In recognition of World Environment Day on June 5, which is focused on ‘Time for Nature’ and providing the essential infrastructure that supports the planet and human development, these fund managers shared their perspectives with ESG Clarity.
Peter van der Werf, senior manager engagement, active ownership at Robeco
Biodiversity is an important topic to us and as such we have signed the Finance for Biodiversity pledge in 2020. Robeco was one of the launching signatories of the Pledge, since then a total of 55 signatories representing $9 trillion assets under management have joined the ranks, which is an incredible sign of progress that the financial industry is rapidly coming to grips with the systemic risk that biodiversity loss presents globally.
We however understand that signing the pledge is only the first step. To enable our organization to deliver on all commitments we have mandated a Biodiversity Taskforce to develop a materiality analysis, we have actively developed a biodiversity footprint standard together with the Platform Biodiversity Accounting Financials (PBAF) and contributed to the launch of the TNFD taskforce as member of the informal working group (IWG) for the TNFD in the past nine months.
Next to these important initiatives Robeco is also working on global engagement on the topic of biodiversity together with other global partners in this space. While these actions by itself will not save biodiversity, we are convinced that concerted efforts by the global financial industry can provide a meaningful contribution to deliver the commitments of the global biodiversity framework that will be negotiated at the Convention on Biological Diversity (CBD) COP 15 in Kunming later this year.
Ladislas Smia, head of sustainability research, Mirova
The question of the social acceptability of the environmental transition is at the heart of the debate. This challenge must not push us to be cautious about the transition but, on the contrary, must push us to mobilize all energies, companies, investors, public authorities and individuals, to be ambitious and innovative.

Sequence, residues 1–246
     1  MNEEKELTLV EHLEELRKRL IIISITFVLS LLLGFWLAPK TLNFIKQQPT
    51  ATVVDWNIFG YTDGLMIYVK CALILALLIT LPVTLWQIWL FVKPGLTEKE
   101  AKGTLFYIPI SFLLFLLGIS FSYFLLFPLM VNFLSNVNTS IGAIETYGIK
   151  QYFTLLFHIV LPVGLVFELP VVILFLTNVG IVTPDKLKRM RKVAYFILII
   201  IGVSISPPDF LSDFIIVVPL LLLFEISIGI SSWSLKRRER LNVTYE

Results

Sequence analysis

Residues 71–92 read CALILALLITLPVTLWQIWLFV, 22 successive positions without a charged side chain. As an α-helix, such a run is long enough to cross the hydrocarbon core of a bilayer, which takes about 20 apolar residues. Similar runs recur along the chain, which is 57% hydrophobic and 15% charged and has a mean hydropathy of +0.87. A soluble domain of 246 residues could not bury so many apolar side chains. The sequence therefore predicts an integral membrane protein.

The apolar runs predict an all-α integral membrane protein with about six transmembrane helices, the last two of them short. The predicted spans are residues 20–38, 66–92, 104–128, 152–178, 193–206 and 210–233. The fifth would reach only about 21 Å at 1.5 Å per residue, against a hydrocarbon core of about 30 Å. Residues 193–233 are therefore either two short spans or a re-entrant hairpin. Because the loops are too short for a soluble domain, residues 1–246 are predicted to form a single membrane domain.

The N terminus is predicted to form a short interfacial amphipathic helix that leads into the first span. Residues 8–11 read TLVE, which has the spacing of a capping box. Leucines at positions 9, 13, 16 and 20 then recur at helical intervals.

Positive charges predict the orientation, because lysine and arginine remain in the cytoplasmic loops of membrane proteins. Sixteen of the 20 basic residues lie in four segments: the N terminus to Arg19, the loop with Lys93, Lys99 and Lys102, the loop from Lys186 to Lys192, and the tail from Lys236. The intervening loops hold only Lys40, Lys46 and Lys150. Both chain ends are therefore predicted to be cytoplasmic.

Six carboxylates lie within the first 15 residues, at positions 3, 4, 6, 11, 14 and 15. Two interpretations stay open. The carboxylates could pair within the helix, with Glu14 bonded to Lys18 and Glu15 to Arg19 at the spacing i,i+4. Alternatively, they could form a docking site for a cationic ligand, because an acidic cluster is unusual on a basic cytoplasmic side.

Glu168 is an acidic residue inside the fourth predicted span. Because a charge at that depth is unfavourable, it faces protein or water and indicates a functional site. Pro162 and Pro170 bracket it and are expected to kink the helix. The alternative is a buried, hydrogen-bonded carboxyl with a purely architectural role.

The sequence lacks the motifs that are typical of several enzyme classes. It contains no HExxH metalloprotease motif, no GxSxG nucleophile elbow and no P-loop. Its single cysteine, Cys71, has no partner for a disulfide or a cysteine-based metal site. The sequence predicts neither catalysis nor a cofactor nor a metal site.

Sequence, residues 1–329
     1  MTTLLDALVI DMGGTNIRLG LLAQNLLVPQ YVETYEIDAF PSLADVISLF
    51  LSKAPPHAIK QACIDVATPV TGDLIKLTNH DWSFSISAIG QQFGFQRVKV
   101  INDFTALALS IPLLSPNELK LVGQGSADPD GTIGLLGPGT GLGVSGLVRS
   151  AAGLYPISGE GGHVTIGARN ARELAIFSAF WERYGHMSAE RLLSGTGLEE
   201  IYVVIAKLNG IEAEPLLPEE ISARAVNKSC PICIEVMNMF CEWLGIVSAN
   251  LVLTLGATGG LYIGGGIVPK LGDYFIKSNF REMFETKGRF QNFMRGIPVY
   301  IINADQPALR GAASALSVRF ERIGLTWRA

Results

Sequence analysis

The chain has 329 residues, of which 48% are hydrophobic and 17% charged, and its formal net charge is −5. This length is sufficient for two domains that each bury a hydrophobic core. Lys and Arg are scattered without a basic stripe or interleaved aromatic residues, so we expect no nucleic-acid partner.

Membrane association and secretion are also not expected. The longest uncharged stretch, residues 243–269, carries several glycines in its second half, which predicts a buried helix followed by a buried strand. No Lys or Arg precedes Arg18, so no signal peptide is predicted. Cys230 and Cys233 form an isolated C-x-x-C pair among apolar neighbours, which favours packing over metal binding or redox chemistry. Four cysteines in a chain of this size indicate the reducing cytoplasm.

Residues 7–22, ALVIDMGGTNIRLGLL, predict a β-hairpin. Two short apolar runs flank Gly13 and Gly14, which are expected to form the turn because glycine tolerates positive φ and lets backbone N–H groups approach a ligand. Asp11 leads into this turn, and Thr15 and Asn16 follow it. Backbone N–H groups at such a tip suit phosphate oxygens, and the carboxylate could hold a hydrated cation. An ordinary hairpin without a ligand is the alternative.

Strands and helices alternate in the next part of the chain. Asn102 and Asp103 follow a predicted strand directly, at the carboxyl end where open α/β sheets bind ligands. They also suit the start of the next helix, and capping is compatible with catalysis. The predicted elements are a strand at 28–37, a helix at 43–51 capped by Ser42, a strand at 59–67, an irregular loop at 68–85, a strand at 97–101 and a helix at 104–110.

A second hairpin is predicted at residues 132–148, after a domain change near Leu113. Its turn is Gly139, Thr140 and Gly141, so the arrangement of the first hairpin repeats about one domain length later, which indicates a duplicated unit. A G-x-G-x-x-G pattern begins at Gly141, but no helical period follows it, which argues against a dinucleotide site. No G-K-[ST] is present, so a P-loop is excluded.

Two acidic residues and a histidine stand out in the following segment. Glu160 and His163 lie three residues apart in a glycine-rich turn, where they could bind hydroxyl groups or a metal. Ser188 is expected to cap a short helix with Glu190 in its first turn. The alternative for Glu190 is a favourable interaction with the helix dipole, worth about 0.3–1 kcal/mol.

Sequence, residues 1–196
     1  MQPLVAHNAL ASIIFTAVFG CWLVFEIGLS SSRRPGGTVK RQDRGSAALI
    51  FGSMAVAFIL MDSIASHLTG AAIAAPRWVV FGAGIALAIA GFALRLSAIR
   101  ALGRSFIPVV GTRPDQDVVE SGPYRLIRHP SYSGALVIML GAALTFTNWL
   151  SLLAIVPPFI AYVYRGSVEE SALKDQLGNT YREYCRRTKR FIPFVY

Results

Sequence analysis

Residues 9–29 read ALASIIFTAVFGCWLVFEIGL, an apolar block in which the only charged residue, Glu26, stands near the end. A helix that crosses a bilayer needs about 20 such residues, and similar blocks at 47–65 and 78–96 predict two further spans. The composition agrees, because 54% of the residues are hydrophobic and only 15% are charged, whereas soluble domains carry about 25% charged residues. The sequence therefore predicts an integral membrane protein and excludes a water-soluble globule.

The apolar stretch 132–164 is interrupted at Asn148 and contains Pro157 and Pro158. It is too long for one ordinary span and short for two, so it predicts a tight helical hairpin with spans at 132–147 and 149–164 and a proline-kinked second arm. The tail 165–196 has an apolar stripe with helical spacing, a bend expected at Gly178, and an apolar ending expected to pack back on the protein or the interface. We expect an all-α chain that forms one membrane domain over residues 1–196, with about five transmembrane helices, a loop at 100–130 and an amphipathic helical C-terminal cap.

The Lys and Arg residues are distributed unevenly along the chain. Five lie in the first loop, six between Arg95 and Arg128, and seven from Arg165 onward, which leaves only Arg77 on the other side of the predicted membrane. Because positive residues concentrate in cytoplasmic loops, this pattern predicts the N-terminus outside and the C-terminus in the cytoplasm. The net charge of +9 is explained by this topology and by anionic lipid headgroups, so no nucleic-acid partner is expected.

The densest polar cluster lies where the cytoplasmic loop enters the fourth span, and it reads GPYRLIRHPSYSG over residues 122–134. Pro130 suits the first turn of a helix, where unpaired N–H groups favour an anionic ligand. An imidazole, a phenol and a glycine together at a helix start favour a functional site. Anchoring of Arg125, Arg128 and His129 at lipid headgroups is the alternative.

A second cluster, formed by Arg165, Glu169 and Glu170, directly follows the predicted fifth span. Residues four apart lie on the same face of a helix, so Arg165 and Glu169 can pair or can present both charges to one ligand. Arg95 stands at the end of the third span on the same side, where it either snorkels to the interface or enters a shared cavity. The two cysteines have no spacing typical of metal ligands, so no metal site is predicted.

There is no denying this transition will have significant impacts in terms of redistribution. We can foresee them at the individual level. Moving from green to brown jobs will have consequences for careers. If, as the IEA tells us, we have to stop launching new oil and gas fields this year, many employees in the oil sector will have to retrain.
Similarly, in the automotive sector, the skills required to produce a thermal vehicle and an electric vehicle are not always the same. From an individual point of view, if the price of energy rises, households in peri-urban areas that are more dependent on cars and living in dwellings that are more difficult to heat may see their standard of living affected.
At the level of companies, some may succeed in “transiting” their business model. Others are likely to lose market share to new players. These mechanisms are already in place; whatever one thinks of Tesla, it is undeniable that they have established themselves as a major player in the automotive sector. Most renewables players are new comers and not old one that have diversified or transited their business model. Some investors, particularly American investors, believe that it is not their role to adapt. According to classical economics, companies running business models of the past should instead return the money to shareholders. The latter will be responsible for reallocating capital in the most efficient way, to the most innovative new players.
The reality is likely to be a trade-off between transition and disruption. In any case, the social implications are already tangible. They need to be addressed and raise difficult questions, especially in the current context of growing inequality.
Victor Zhang, CIO, American Century Investments
World Environment Day represents an opportunity for us to embrace the notion that the environment and the economy intersect in a circular fashion. Think about the circular economy investment opportunity like capital budgeting – only this time it’s natural capital. It should take into consideration both long-term costs and future benefits. Redefining global value chains today will permit us to avoid the abysmal costs – environmental, social and economic – tomorrow.